For this second season of Byte-Sized Virtue, we continue to take the episode structure in a bit of a different direction, at least in part. This is the third episode drawn from a discussion between Withstand the Fury Dragon and an friend old friend of his, Paul, whose philosophical musings he has consistently enjoyed and respected. And rather than talk about any specific Virtue or Principle from Ultima, or its real-world equivalent, they will be tackling a range of topics that...well, you'll just have to listen.
In this episode, Paul explains his choices of social media networks, including why he finds Twitter boring. He also explains how he uses Facebook in a way that not many probably do, which is to keep in touch with people he does actually consider friends...especially those who don't live close to him.
The discussion then shifts gears and focuses on the issue of post-secondary education, and on what Paul feels is an over-emphasis on STEM fields in education (at the expense of the humanities). He and Withstand the Fury agree that a healthy society ultimately requires both: if all we have on hand are engineers and scientists, we might have nice pavement and flowing pipes, but we don't really have a society per se; we just have infrastructure and technology. Society needs those things, of course, but it isn't comprised of those things; it flows out of art and literature as well, among other areas. (Withstand the Fury likens this to game design, the process of which requires the talents not only of engineers and programmers, but of artists, writers, and musicians as well.)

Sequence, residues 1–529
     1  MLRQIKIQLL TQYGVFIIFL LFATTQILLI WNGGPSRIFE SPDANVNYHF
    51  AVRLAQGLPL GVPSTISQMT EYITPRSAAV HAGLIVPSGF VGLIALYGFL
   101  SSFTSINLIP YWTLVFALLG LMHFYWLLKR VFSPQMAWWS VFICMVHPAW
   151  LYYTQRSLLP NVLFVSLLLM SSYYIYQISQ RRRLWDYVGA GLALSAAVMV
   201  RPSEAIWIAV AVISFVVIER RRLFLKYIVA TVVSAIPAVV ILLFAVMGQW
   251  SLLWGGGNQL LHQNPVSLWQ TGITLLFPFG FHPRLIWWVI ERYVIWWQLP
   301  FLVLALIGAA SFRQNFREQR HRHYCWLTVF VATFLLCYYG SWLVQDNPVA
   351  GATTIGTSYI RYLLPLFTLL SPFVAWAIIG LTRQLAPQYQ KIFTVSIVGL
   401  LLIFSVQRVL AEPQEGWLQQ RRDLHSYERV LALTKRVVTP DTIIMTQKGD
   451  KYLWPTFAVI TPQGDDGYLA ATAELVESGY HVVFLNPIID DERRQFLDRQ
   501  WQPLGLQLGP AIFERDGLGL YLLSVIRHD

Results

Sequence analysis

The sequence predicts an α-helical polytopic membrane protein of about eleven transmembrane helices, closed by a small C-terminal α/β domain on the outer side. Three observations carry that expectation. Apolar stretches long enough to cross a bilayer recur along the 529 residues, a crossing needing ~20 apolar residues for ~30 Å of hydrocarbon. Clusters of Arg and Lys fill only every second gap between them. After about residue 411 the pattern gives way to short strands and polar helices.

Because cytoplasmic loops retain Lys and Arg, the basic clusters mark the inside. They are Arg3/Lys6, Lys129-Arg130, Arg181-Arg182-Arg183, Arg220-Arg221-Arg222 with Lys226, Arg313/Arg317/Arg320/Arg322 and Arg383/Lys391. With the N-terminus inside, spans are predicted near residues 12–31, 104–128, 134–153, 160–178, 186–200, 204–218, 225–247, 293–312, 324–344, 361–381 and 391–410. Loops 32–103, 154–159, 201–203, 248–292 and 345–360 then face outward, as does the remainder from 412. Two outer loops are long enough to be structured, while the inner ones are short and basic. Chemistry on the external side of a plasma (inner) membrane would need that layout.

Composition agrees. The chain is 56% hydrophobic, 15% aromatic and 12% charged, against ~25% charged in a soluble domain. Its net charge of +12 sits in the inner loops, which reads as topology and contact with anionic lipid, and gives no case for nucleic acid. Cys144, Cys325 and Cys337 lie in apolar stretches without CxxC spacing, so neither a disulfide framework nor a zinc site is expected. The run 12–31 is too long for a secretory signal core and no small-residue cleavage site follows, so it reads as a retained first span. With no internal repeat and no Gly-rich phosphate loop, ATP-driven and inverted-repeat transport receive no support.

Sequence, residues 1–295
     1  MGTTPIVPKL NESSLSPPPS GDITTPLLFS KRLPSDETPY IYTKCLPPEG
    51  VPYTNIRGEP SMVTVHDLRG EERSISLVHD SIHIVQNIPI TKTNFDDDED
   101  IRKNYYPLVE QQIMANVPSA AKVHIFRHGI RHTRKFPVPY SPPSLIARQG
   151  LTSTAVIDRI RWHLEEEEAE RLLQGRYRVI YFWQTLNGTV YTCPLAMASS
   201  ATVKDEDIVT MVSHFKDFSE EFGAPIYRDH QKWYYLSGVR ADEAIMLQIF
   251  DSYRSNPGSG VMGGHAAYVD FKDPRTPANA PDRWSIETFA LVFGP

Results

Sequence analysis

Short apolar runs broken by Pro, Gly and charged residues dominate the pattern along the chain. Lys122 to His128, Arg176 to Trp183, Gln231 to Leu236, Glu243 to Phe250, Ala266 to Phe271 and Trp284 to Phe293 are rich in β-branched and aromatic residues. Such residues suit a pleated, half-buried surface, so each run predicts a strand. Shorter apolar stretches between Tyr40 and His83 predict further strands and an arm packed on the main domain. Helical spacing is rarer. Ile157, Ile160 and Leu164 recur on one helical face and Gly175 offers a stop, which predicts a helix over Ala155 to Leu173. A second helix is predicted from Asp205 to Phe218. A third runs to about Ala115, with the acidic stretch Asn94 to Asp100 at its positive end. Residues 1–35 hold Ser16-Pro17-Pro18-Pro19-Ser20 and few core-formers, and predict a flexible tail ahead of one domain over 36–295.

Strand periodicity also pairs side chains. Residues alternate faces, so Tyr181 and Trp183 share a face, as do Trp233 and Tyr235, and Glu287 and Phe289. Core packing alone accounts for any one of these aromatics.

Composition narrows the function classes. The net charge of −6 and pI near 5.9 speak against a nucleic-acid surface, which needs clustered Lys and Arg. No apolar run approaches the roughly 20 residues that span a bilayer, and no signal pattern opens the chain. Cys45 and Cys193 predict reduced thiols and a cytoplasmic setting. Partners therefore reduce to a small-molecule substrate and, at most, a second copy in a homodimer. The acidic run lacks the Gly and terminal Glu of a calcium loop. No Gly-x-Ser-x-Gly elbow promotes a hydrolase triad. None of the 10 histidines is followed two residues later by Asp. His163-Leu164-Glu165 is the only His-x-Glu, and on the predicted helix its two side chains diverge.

This, of course, raises another question: should everyone go to college/university in the first place? Do we need everyone to pursue some form of post-secondary education? Do we need all our garbage collectors and coffee shop barristas to hold advanced degrees? And, does the fact that some of these roles don't necessarily require advanced degrees diminish their importance to society? Consider the average Starbucks: it's more than just a place to get a cup of coffee. It's also a social context, and even a work space for some. If all the Starbucks closed tomorrow because they could no longer find staff, what sort of impact would that have?
This episodes also marks a first that will hopefully also be a last: we discuss Donald Trump, briefly. Or, rather, returning to the disucssion of STEM education and where countries put their priority in education, Withstand the Fury briefly discusses why Trump's offhand remark about forcing Apple to make iPhones in the US is stupid and misinformed; there's a number of reasons that iPhones are made in China, not the least of which is that the Chinese government has made a series of decisions over the last few decades with respect to its manufacturing industries and the types of education it encourages its citizens to pursue, which have left China in the position of being well-disposed to mass-produce consumer electronics.
But, Withstand the Fury notes, those same decisions have also left China in the odd position of being able to make an excellent phone...and almost unable to manufacture a good ball-point pen. Or, rather, they are unable to manufacture the key component thereof (the little metal ball at the tip of the pen). China manufactures millions upon millions of pens each year, but most of the production companies have to import metal balls from Japan, Germany, or Switzerland.
Ethereal Void, from the Ultima 9 soundtrack